Investors are facing liquidity crunches increasingly frequently these days, with the bond market a well-documented example, with thin trading making it much harder to exit losing positions, say market participants.

Some market participants in Asia are responding by increasing their fixed income risk tolerance, relying less on stop-losses and boosting their trading currencies.

Singapore-based multi-family office Oclaner Asset Management is one such firm. “Liquidity is very thin and prices move very quickly and in steps,” said Sylvain Baude, chief investment officer. “Look at what happened with [Indonesian mining company] Berau Coal – the bond went from par to 55 [cents on the dollar] in four days.”

As result, whereas once Oclaner would have set tighter stop-losses on its bond positions, now it has widened its thresholds. This is because the current poor liquidity leads to frequent price ‘whipsaw’, where a bond quickly recovers previous losses, said Baude.

He said Asian telecoms firm Pacnet was a good example, with a $350 million bond it issued last year recently falling from 109 to 85 cents and then recovering to par over the course of a few days.

Using stop-losses in the current environment can be “a very painful strategy” in a range-bound market, Baude noted. “We saw that in October again, even in the most liquid market [when US Treasury yields suddenly crashed from 2.2% to 1.86% on October 15 and then rebounded in a matter of hours].”

In the Asian credit space, liquidity is very thin, he said, and it’s difficult and costly to exit even a relatively small position – such as $1 million – particularly in high yield.

So, instead of taking too many stop-losses, Oclaner has increased its fixed-income risk tolerance so that it can accept more volatility, said Baude, “to make sure we don’t get stuck at the bottom”.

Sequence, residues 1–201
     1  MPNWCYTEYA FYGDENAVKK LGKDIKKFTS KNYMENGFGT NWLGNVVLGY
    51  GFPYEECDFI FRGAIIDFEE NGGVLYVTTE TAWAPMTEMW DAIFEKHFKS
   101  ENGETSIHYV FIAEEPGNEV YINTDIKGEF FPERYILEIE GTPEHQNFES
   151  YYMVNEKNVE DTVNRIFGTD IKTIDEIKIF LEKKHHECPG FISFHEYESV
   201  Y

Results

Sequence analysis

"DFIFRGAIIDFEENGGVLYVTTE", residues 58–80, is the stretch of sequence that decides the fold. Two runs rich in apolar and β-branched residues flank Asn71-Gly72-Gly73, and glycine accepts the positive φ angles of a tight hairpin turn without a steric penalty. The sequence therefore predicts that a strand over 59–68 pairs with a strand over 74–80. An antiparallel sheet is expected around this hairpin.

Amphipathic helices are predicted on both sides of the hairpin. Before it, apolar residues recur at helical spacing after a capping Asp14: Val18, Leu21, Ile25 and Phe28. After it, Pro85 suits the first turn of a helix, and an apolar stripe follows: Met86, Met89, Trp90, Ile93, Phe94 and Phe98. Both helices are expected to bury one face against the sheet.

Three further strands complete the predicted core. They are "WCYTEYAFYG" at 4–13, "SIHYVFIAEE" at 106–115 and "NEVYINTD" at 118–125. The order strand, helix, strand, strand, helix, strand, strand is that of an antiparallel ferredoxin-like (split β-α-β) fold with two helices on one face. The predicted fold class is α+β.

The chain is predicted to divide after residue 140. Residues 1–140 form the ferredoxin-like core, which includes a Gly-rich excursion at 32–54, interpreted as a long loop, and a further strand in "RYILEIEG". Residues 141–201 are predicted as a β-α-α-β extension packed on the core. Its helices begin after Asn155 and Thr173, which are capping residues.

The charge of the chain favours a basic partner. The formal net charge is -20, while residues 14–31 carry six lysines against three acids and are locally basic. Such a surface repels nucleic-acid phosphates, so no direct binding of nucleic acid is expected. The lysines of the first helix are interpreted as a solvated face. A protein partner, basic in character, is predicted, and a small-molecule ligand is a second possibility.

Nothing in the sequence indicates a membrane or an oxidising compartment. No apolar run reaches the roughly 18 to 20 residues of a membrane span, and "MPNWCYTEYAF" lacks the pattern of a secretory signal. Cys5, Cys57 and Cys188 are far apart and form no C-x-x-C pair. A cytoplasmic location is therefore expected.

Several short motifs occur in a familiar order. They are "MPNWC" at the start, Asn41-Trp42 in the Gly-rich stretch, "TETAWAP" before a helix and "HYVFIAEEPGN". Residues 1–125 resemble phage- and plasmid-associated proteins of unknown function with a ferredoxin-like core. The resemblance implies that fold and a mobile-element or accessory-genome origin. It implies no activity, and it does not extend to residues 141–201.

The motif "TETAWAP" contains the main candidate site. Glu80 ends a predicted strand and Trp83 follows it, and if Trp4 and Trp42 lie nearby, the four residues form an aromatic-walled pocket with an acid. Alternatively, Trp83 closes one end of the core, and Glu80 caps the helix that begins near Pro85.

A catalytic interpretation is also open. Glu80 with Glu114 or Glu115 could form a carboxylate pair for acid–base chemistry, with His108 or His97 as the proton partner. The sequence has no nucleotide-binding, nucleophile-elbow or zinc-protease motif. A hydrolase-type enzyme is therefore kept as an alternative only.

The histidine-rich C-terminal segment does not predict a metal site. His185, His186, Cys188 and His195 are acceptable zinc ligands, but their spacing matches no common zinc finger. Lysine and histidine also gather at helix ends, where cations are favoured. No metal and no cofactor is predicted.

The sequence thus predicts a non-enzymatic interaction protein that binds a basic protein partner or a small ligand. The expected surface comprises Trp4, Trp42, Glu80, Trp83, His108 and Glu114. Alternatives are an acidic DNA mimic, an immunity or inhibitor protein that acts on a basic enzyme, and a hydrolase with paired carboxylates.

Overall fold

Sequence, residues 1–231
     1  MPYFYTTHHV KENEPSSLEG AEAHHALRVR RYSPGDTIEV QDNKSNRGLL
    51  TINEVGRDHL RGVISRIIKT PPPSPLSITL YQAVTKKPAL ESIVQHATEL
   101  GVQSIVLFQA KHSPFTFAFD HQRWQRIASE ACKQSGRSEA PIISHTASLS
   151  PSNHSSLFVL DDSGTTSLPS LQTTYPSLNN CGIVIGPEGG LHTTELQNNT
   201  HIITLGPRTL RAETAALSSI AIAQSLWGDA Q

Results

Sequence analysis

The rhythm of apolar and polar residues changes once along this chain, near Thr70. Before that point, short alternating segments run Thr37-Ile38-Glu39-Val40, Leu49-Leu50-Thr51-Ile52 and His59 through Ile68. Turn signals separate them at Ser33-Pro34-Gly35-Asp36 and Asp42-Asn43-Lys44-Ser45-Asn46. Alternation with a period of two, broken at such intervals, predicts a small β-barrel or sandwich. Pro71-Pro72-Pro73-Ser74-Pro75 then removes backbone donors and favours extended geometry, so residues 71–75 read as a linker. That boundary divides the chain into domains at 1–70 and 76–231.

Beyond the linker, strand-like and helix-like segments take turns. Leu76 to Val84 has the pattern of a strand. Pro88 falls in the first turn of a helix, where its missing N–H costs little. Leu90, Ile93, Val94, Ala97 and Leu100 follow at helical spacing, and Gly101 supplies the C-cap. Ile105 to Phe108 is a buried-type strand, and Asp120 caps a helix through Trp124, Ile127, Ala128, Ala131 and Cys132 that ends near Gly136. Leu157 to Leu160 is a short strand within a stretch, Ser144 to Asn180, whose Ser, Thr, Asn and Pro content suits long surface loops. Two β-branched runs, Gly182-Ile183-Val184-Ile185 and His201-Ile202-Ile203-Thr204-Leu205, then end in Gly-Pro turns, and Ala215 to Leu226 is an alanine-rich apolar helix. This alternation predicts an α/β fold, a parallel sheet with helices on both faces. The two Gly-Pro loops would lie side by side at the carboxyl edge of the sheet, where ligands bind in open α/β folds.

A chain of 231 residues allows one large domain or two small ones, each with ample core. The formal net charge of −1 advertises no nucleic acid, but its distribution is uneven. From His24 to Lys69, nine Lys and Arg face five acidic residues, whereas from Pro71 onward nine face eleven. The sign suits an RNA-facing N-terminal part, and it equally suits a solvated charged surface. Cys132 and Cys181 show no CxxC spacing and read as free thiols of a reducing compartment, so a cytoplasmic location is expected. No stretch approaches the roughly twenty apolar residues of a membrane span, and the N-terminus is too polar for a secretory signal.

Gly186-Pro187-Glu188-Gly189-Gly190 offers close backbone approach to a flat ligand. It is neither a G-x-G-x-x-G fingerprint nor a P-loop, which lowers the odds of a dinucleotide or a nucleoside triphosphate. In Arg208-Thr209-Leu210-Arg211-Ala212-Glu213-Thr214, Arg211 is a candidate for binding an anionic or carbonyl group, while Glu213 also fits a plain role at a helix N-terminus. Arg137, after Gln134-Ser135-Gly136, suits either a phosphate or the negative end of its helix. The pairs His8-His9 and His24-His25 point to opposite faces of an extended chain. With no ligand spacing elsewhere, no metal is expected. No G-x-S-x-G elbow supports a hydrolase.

In addition, it employs currencies much more now to reduce risk and volatility – for example, using Australian dollar to hedge commodity issuers and Singapore dollar as a proxy for the renminbi – noted Baude.

“You can short the currency a bit, you can do this and that,” he added, “but in terms of risk management for fund managers, [the loss of bond liquidity] is a tectonic shift, especially if you have an active book.”

Ernesto Prado, CIO at Ayaltis, a Swiss fund of hedge funds firm, agreed: “Your [currency] hedges are much more important right now – if they don’t work out in a market dislocation, you’re toast.”

It’s not only bond investors who are suffering from thin liquidity, noted Olivier Spoor, Singapore-based portfolio manager at Oclaner. Overall liquidity at the macro level is very thin, and that’s a big issue for the mark-to-market of asset managers offering daily liquidity, such as Oclaner, he said.

In the equity market even the most liquid stocks are now very prone to “liquidity destruction”. Volatility has been lower for the past six years in the US, said Spoor, and since last September the market has been getting nervous about valuation and rushing for the door quickly.

He cited the example of Apple seeing $50 billion shaved off its $700 billion market capitalisation in the space of an hour on December 4, and added that there have been many recent intraday moves of more than 10% on certain stocks.

Moreover, oil – by far the most liquidly traded commodity – has seen its price halve [to around $50/barrel] for no apparent reason this year, said Spoor. “No one saw this coming.” 

“The oil market has been over-supplied for a long time, and the incremental and well-flagged US production rise cannot justify alone a 50% drop in the price,” he added. This is also the first time in decades that oil has fallen that much with no global economic recession, said Spoor.